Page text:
Census day is 7 March. By then, all of us would have filled in that questionnaire we receive from the government every five years asking for details about ourselves and our households, or, at least, I hope we will.
I have noticed a sense of hesitation amongst some in sharing their information with the government – whether for privacy and confidentiality reasons, a general lack of trust, lack of time, or a lack of understanding of the survey or its value. There are others who simply don’t care. In the 2018 census, an estimated 700,000 New Zealanders (about 14% of the then population) were not fully represented in the census. This figure includes 240,000 people who only partially completed the census form and another 480,000 people who did not complete it. To fill this gap, Stats NZ had the tedious task of imputing data on these missing people from existing administrative data. This process could diminish the accuracy of the data.
Whatever people’s reasons for not filling out the census, ignoring the census has real implications for policy and decision-making. It not only influences decisions made by the government, but such data could also be used by iwi, community groups, businesses, and local authorities in their planning and decision-making processes. For researchers like me, who are interested in population wellbeing, it also affects our research projects that rely on accurate census data; projects that, in some cases, affect policy and government decision-making. And that’s a problem.
The data collected in the census provide a good overview of what life is like in Aotearoa New Zealand. It shows trends in how population dynamics have changed over time, which is important for knowing whether we are progressing, regressing, or not changing at all. And this feeds into what our tax dollars are used for. The government will want to ensure that the national budget is distributed in an equitable way that brings the most value to the entire New Zealand population, especially to those with the greatest need. But without the census, it might be more difficult to tell where those needs exist – where welfare benefits need to change, where education needs to be funded, where healthcare services need to improve, and so on. Getting that wrong could have a huge impact on our society.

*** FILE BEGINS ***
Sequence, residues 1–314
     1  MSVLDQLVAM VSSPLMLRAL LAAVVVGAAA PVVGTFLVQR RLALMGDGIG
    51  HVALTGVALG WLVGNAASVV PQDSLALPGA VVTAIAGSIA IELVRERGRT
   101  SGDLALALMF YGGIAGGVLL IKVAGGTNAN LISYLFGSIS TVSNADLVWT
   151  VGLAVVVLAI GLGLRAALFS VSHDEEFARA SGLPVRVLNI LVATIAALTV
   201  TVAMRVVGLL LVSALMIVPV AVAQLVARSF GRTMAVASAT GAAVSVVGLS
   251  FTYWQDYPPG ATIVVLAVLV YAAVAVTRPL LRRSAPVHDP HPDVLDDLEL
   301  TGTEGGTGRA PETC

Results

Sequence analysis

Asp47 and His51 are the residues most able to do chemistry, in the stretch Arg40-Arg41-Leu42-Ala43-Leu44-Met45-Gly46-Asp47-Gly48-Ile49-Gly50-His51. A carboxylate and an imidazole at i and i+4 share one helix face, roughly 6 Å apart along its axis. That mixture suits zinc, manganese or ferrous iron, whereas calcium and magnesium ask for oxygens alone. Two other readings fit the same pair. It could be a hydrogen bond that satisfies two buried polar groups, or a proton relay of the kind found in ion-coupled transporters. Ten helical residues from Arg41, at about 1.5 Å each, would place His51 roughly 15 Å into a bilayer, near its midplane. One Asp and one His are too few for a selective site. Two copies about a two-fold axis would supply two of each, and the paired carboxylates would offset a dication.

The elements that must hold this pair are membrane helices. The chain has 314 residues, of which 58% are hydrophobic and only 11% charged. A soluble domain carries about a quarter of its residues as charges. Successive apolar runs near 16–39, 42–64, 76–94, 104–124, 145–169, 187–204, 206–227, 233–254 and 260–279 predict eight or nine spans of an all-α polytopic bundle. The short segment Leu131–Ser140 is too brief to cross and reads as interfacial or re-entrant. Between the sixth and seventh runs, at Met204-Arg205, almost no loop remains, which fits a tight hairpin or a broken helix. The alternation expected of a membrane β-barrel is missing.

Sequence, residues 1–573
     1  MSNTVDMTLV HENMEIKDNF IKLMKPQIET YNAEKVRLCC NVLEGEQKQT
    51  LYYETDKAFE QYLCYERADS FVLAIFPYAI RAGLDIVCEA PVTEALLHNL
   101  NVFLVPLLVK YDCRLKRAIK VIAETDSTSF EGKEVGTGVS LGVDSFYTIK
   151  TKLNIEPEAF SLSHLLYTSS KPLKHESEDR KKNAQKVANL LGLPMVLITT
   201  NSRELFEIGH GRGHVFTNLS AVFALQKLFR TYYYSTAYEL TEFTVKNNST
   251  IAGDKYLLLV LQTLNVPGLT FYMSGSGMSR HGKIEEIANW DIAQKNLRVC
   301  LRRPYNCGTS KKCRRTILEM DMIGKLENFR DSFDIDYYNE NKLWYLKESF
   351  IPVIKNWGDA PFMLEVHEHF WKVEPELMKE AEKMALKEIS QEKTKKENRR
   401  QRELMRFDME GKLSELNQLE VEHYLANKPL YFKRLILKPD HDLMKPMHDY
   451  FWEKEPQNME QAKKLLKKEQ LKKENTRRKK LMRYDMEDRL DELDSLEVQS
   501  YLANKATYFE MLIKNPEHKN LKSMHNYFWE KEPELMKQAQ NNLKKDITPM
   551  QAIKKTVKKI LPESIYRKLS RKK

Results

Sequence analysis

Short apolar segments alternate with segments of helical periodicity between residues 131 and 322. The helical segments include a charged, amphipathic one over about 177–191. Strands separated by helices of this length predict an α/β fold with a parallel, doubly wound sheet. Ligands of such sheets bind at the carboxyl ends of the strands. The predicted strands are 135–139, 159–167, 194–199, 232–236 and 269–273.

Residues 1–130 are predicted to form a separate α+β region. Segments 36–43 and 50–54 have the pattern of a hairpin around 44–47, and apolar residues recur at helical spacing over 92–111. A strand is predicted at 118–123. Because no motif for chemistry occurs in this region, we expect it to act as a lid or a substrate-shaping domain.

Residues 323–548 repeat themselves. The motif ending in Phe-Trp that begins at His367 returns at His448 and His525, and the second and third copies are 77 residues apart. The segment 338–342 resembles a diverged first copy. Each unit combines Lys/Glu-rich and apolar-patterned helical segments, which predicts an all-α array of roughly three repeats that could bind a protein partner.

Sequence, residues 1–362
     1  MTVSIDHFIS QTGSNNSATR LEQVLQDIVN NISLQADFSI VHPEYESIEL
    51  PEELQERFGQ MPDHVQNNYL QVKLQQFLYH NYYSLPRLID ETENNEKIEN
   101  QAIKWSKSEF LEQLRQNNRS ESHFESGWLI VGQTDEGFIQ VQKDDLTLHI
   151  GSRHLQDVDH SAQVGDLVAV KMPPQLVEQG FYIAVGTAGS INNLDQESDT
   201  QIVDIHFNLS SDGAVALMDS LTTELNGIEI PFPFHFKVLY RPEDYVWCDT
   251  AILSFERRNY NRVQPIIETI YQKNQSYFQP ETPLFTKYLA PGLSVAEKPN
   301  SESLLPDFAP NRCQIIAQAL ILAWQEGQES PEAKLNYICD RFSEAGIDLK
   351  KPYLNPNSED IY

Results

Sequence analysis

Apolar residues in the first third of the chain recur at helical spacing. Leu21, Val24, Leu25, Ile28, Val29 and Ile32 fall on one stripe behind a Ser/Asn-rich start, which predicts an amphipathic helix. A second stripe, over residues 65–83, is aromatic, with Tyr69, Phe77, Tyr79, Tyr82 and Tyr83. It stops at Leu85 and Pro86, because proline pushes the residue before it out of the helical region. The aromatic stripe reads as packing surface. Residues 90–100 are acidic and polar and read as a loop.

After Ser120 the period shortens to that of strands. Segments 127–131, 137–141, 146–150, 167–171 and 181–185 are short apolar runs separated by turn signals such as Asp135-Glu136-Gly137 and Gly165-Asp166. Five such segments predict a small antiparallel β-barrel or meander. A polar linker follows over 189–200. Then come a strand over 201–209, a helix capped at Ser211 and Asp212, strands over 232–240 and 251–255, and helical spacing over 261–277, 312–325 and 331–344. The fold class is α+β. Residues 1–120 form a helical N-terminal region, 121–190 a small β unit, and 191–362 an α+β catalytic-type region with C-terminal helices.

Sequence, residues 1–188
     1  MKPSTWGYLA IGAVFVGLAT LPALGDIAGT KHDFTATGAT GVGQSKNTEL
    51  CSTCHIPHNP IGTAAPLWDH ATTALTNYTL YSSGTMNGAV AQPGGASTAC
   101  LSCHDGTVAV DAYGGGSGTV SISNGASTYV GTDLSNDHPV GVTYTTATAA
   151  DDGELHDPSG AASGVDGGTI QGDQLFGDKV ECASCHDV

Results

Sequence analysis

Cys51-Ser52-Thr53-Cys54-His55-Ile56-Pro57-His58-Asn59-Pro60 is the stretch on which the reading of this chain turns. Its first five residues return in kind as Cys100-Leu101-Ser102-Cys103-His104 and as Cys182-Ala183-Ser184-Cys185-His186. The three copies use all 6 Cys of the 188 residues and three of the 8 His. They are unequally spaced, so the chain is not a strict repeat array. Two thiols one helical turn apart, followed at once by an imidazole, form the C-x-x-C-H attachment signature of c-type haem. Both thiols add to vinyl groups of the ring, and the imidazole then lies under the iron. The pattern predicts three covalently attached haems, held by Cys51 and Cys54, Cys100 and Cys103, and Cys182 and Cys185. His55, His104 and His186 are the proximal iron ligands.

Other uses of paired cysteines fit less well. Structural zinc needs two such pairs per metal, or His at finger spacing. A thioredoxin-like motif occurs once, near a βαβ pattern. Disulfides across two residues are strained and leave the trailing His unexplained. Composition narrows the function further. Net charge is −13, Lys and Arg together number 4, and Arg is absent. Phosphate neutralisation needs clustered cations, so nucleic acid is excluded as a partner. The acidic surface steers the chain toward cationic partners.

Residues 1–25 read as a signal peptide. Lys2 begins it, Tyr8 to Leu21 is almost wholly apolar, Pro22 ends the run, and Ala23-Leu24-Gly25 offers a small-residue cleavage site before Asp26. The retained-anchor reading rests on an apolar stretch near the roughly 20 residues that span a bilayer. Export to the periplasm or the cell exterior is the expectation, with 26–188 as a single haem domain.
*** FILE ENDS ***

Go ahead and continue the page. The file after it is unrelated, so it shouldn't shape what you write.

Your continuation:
This makes it so important that the census is completed as accurately as possible. The more accurate the responses, the better for the wellbeing of broader society. Inaccurate responses or forgoing filling out the census altogether could be a disservice to you, your whānau, and your communities and could result in underfunding in important areas. It’s important to remember your participation in the census contributes to a better allocation of resources to ensure a better future for all Kiwis.